US housing starts fall to five-month low

Weakness in construction of multi-family units is blamed for slowdown

US housing starts dropped 2.6 per cent to a seasonally adjusted annual rate of 1.17 million units in April. Photograph: iStockPhoto

US housing starts dropped 2.6 per cent to a seasonally adjusted annual rate of 1.17 million units in April. Photograph: iStockPhoto

 

US housebuilding unexpectedly fell in April to the lowest level in five months amid persistent weakness in the construction of multi-family housing units, suggesting a slowdown in the housing market recovery.

Housing starts dropped 2.6 per cent to a seasonally adjusted annual rate of 1.17 million units also as single-family housebuilding rebounded modestly, the commerce department said on Tuesday. April’s reading was the lowest level since last November and followed a downwardly revised rate of 1.2 million units in March.

The weakness in residential construction will probably do little to change the view that economic activity picked up by early in the second quarter. Gross domestic product increased at a pedestrian 0.7 per cent annualised rate in the first three months of 2017.

Labour market

Demand for housing remains underpinned by a tightening labour market, characterised by an unemployment rate at a 10-year low of 4.4 per cent. A survey on Monday showed housebuilders’ confidence rose in May, with bullishness about current sales and those over the next six months.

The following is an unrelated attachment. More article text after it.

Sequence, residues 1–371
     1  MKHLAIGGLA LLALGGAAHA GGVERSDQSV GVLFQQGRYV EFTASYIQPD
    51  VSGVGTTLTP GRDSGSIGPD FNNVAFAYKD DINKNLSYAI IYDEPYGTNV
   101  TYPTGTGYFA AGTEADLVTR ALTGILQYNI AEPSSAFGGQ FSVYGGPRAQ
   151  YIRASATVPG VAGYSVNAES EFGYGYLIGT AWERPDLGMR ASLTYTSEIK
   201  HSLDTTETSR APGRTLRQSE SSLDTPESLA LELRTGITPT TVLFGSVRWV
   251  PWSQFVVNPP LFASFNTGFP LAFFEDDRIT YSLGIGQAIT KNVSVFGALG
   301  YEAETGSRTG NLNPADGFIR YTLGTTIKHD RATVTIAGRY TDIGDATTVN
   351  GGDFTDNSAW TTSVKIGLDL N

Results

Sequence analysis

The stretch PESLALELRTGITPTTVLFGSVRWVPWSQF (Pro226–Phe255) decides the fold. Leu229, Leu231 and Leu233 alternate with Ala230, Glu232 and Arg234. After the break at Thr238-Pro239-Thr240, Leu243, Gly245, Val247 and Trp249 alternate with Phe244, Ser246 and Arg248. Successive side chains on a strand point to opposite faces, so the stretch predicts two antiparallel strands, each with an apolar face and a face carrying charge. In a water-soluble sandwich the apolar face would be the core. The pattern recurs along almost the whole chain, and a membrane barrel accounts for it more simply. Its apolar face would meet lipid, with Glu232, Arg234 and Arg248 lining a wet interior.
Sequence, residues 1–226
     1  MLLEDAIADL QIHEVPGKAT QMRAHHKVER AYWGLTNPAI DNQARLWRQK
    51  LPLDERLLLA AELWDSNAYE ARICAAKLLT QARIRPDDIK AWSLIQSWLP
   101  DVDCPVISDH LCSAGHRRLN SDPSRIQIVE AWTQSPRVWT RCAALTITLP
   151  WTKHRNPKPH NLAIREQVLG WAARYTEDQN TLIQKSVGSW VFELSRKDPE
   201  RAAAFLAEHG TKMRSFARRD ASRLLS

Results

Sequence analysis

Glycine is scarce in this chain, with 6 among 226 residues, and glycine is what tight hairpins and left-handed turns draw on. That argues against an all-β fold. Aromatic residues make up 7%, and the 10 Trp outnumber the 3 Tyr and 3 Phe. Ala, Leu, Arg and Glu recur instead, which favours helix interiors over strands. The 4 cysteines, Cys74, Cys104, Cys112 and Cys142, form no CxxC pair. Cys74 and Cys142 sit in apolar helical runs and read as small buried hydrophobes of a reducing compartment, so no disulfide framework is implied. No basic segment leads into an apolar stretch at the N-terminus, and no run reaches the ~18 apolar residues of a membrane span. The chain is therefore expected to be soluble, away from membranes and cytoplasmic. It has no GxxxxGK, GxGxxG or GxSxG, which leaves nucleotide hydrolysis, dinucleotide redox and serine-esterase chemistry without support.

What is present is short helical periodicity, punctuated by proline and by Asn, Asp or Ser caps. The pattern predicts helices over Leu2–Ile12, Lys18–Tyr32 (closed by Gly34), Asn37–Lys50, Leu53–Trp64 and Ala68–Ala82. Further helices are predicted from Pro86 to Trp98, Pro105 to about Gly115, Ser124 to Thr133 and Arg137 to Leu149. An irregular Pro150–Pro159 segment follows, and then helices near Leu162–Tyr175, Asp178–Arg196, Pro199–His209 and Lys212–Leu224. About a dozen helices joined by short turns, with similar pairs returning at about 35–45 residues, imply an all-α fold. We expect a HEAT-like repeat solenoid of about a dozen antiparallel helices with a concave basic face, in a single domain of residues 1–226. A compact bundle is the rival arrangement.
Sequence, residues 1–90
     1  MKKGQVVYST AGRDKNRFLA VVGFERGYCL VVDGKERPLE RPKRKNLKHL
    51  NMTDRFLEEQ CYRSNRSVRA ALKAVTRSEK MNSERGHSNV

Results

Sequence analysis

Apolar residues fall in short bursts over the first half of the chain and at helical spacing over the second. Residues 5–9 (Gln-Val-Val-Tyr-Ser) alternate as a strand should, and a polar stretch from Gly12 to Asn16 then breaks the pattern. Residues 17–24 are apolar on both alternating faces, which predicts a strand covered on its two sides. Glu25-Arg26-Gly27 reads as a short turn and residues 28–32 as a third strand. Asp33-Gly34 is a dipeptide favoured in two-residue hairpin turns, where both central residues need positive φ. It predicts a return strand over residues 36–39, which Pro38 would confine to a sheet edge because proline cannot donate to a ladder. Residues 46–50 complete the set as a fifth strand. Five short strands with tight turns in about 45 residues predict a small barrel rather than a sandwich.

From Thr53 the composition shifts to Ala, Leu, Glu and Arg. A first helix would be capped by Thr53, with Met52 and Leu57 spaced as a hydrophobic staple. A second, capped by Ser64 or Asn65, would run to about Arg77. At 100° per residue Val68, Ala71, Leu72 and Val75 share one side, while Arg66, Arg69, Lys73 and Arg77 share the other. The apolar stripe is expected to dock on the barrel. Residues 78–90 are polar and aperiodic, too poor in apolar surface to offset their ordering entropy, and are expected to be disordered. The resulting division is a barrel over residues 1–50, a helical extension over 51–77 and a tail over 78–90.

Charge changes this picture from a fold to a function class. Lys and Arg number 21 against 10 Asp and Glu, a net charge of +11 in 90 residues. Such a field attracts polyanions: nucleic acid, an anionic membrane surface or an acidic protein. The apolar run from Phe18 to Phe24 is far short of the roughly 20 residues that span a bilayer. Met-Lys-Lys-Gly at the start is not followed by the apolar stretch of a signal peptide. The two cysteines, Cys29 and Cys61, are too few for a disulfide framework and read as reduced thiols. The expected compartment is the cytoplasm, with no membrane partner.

Single-family housebuilding, which accounts for the largest share of the residential housing market, rose 0.4 per cent to a pace of 835,000 units last month. That left the bulk of the 5.1 per cent decline in March intact.

Single-family starts surged 19.4 per cent in the midwest and advanced 9.1 per cent in the west. They fell 3.4 per cent in the south and tumbled 29.2 per cent in the northeast to their lowest level since June 2015.

Housebuilders are failing to take advantage of a chronic shortage of properties for sale amid complaints about expensive building materials and shortages of lots and labour.

Some of the drop in starts could be weather-related – parts of the US experienced snowstorms in March and heavy rains in April. – (Reuters)